Interiors of the Kering headquarters in Paris

Luxury groups like Gucci owner Kering (Paris headquarters pictured) are adapting to a fresh wave of consumer demand

Fashion and luxury brands need to transform they way they work, think and create to thrive in a new era of luxury consumers, where creativity is king – but just not in the way it was
Luxury goods expert and partner at Bain & Company’s Milan office, Claudia D'arpizio headshot

Claudia D’Arpizio

Touchpoints are becoming more important for the luxury industry. In fact, consumers are becoming more important for the industry. In the past, while the desire for luxury products was very high, it was fuelled by the creation of an aspiration that was mainly ostentation, or showing off social or financial status – this is an over-simplification, but indicative.

And the marketing formula was to create a big desire for these products; and ownership was also being part of a specific circle of people that were, in a way, selected. It was very elitist. Now, consumers are really asking for larger territories of conversation. We can now call aspiration ‘post-aspiration’ because status symbolism is no longer the driver for buying these products. Brands need to enrich the territories of conversation and to pick up the values of the next generation of consumers.

Follow LUX on Instagram: the.official.lux.magazine

To do so, they need more channels of communication; and so different touchpoints are playing a very important role. Digital touchpoints are playing an important role and the transaction, per se, is losing interest. Brands really need to create a dialogue that starts much before the purchase, that continues after the purchase, and that creates an ongoing dialogue and conversation with the consumer.

In the past, consistency was very important, meaning all the stores looked the same, all the communication and the valued pillars were very rigid and analytical. Now, brands need to be a platform and express creativity. Consumers want to be surprised and engaged but perhaps they will not be surprised if they only see an environment that always looks the same.

Consumers are looking for authenticity, but they are also looking for different sets of values and attributes, which makes it more and more difficult for marketing strategy at this time, because brands have to have crystal-clear DNA and packaging, and understand the degrees of freedom, and understand who in the organisation can leverage these degrees of freedom across the different touchpoints. This is a very challenging organisational issue with the evolution of the consumers.

Read more from the LOVE Issue: Jean-Claude Biver on why luxury watches are about the experience

The product, meanwhile, is still important, but it is not enough. The exquisite quality of a product is a given for luxury brands. The level of creativity is super-important and an essential element and touchpoint. But the creativity should not just be channelled through the product. Brands need to channel their creative across other touchpoints, through communication and social media strategy, telling a story through different chapters and maintaining engagement with the consumer.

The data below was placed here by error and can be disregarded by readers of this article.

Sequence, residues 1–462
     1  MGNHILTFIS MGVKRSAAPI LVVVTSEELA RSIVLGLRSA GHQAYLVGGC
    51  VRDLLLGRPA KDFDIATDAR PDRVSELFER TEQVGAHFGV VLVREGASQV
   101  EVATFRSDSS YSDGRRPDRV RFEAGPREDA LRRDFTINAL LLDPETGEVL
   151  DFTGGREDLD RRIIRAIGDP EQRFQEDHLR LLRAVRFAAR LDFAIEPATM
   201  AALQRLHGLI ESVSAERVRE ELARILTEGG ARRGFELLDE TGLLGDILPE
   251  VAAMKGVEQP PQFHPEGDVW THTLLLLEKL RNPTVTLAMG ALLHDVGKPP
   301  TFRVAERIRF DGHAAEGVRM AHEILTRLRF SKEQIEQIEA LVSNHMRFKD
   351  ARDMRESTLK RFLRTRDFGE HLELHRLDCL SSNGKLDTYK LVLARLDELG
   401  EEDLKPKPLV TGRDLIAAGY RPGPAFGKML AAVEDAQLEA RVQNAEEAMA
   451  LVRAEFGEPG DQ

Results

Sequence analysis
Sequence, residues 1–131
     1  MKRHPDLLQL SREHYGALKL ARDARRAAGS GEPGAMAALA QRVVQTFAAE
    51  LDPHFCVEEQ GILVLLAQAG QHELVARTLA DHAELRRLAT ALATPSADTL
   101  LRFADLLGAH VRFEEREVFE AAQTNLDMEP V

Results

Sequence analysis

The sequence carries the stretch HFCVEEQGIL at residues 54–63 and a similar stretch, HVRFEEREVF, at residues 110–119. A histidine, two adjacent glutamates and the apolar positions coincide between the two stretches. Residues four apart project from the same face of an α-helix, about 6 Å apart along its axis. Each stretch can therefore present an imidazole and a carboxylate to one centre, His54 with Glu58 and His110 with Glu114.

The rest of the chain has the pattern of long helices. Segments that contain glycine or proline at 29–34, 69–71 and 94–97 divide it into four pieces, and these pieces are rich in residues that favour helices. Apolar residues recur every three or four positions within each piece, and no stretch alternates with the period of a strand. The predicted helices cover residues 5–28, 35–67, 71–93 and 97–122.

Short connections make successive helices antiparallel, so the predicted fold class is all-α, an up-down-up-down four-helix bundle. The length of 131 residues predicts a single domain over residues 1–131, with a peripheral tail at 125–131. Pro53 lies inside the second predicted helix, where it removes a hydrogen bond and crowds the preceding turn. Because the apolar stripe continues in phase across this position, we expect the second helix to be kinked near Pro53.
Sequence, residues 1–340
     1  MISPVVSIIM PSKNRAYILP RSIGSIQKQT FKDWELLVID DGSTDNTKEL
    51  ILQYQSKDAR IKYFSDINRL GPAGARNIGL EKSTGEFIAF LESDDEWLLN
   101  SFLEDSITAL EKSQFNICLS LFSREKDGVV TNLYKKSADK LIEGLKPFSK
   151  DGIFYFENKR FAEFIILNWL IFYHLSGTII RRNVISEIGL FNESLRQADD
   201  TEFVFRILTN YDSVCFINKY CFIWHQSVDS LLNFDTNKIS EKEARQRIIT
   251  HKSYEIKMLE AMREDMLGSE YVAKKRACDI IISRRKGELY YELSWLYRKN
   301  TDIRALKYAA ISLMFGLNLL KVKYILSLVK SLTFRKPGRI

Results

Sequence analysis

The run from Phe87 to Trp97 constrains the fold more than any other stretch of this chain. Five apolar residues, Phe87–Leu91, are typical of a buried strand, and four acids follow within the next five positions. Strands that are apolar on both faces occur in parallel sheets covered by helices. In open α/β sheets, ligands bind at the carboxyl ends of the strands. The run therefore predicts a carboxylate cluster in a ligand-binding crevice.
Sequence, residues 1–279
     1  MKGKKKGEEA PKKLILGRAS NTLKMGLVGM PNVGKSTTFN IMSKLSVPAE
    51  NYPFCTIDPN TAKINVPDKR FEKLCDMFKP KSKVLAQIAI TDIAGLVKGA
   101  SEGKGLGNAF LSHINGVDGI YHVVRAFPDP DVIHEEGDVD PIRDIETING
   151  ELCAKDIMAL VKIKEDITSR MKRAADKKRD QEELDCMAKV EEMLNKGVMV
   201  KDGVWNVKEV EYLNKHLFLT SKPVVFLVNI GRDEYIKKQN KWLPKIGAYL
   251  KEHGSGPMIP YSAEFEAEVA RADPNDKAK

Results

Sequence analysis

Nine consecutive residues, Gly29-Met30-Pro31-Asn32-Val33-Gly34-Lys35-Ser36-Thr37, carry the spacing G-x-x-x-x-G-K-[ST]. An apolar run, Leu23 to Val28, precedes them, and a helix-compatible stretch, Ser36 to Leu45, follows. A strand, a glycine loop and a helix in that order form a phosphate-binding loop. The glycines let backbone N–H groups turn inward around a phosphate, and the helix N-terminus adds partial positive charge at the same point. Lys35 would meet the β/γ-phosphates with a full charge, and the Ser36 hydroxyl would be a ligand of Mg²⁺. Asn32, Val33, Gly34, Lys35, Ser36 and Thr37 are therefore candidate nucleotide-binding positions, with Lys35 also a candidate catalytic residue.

Image of Gorden Wagener chief design office of Daimler from Sensual Purity: Gorden Wagener on Design published by Condé Nast

Experiences are the new luxury. Image courtesy of Condé Nast, publisher of Sensual Purity: Gorden Wagener on Design. Photographer: Jonathan Glynn-Smith

With this disruption, it is probably easier to attract the attention of consumers if you are an emerging brand, because you can become more relevant within a shorter period of time through creative ways of communicating. The product is still very important though and established players from big organisations can really keep up momentum across different touchpoints. Barriers to entry are being pulled down, but keeping pace and elevating the continued desire of consumers can be very demanding.

Meanwhile there is a generational shift in the creative directorship of the fashion and luxury industry that has only just started, and of which we will see more and more. New brands that are managed by millennials are changing the rules of the game, or starting a completely new one, influencing the entire sector.

Read more: Poet Yomi Sode on Slam Poetry’s authentic essence

In the last couple of years there has been a transformational element. There has been a big churn of creative directors and senior management, because a shake-up was probably needed for every company to engage their organisation in the required transformation. These changes have just started. And we will see a lot of convergence in cinema, in film production, TV production and the editorial industry in general, because the intangible element will be as important as the tangible. Creativity will be reshaped across the creative industries.

On the other hand, creativity is still very fluid in terms of age and generation and this is another key aspect of these times. We have different generations behaving the same way, we have different genders behaving similarly about certain topics. We also have fluidity in terms of the social construct.

It is a very liquid society and the luxury sector will become more and more segmented. But, as they adapt, brands need to understand their consumers and always remain true and authentic to their DNA.

Claudia D’Arpizio is a partner at Bain & Company’s Milan office and an expert in the luxury goods industry